Consumer confidence took a dive in August, falling to its lowest level this year, The Conference Board said Tuesday in its widely watched monthly survey.
The index, which rose modestly in July to 107, fell to 99.6 as more respondents expressed concerns about the job market and business conditions down the road.
“Less favorable business conditions, coupled with a less favorable job scenario, have resulted in the largest one-month decline in confidence since Hurricane Katrina last year,” said Lynn Franco, director of The Conference Board Consumer Research Center. “Looking ahead, the glass remains half empty as consumers are growing increasingly more pessimistic about the short-term outlook.”For manufacturers, a less optimistic consumer could lead to a slowdown in oders for big-ticket items. That said, surveys such as this - based on a representative sample of 5,000 U.S. households - have their critics, who argue that what consumers say and what they actually do are two different things.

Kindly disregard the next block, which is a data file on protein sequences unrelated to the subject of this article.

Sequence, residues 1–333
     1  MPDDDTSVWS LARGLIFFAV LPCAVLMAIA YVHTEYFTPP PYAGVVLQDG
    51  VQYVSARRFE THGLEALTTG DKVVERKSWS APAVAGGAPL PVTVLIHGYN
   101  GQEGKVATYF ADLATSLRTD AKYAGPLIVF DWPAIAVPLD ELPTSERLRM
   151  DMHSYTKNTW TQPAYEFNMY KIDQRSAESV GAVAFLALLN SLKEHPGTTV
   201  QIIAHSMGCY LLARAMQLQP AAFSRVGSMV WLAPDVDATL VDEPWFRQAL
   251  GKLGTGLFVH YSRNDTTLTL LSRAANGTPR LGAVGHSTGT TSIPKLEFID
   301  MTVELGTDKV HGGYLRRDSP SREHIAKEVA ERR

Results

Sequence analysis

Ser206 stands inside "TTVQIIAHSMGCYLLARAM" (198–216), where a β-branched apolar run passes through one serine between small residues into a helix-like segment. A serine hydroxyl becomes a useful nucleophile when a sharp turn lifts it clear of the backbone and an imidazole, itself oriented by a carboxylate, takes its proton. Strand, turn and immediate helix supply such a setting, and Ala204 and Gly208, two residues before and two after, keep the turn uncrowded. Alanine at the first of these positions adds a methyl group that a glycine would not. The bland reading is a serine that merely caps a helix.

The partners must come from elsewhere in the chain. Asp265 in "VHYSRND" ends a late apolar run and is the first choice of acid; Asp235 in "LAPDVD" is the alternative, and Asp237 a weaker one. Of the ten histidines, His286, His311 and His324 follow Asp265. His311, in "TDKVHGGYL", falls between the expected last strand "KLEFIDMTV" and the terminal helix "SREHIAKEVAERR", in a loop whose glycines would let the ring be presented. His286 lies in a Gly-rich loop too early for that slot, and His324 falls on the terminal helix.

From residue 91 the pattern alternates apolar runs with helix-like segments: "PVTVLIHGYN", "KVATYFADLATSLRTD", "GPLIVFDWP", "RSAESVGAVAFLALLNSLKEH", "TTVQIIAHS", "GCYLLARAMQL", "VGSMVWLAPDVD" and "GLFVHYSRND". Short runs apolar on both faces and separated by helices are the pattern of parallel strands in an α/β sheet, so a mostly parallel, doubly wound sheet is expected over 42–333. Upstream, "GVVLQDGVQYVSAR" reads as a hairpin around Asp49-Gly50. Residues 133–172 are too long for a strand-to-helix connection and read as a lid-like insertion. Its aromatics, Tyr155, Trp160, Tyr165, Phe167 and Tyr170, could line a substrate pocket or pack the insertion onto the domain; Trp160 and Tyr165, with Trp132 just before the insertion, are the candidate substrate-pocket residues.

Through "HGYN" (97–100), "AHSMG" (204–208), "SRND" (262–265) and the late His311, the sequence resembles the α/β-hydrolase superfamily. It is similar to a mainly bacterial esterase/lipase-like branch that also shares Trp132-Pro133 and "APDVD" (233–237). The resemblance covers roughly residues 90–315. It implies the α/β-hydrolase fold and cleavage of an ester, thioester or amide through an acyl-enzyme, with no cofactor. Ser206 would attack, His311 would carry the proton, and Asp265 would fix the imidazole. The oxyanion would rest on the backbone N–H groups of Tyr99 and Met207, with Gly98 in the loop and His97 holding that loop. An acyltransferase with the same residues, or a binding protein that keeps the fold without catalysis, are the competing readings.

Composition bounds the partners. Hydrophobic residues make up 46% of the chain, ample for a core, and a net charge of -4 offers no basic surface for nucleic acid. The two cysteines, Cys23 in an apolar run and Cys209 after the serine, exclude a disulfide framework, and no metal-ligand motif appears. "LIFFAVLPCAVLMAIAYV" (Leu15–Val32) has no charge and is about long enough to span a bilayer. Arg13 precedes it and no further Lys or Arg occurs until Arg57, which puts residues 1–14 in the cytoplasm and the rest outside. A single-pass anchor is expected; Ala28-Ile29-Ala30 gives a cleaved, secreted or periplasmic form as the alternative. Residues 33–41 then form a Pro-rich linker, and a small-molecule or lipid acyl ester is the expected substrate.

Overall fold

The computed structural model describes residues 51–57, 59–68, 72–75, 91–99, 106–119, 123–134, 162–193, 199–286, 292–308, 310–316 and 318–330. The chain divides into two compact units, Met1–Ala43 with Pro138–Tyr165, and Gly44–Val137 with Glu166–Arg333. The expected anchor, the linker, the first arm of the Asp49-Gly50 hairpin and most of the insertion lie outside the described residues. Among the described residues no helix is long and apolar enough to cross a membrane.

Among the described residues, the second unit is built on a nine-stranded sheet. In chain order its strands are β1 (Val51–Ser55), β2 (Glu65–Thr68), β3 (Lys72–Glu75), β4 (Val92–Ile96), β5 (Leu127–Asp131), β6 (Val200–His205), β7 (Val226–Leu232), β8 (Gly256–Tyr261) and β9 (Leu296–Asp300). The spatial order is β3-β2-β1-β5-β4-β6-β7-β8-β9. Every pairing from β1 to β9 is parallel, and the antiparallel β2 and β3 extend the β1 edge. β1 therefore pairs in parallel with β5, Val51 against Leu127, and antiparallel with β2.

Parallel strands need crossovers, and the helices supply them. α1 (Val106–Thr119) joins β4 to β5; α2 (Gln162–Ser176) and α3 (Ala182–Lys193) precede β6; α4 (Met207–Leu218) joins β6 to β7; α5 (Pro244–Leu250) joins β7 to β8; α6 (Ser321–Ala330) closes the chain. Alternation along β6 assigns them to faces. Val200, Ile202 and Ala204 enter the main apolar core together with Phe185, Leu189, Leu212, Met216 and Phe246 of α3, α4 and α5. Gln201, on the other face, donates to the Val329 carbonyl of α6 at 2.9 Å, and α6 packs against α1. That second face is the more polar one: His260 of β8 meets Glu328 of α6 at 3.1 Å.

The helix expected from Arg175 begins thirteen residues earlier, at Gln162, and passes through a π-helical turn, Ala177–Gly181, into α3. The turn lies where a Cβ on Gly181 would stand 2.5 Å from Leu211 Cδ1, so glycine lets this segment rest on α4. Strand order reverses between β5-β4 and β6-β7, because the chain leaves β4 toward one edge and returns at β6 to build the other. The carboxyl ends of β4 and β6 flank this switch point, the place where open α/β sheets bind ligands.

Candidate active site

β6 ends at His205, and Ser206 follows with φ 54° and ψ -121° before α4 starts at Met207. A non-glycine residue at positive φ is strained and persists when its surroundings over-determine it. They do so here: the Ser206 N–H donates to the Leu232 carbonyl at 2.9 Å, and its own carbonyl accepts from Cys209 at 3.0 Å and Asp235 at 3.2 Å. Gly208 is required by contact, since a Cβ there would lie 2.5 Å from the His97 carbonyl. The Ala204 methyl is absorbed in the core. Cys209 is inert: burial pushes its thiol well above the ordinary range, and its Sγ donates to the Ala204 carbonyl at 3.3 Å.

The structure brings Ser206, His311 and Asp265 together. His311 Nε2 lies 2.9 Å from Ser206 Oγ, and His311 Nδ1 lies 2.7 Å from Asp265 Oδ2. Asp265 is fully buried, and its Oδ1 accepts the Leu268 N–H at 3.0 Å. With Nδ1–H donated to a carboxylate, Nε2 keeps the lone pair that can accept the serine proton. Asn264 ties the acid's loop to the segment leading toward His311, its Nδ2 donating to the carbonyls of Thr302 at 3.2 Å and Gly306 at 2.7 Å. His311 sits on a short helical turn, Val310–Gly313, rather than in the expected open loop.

Consumers’ overall take on current conditions was much less favorable in August, with those claiming conditions are “good” dropping to 26.1 percent from 27.3 percent. At the same time, those saying conditions are “bad” increased to 16.7 percent from 15 percent.
On the jobs front, the percentage of those surveyed saying jobs are “plentiful” fell to 24.4 from 28.6, while those saying jobs are “hard to find” rose to 21.1 percent from 19.6 in July.
Perhaps most troubling was the outlook for the next six months, the group’s so-called expectations index. Those expecting more jobs to become available in the coming months decreased to 14 percent from 14.3 percent in July, and the percentage of consumers expecting their incomes to rise in the months ahead fell to 17.7 from 18.3.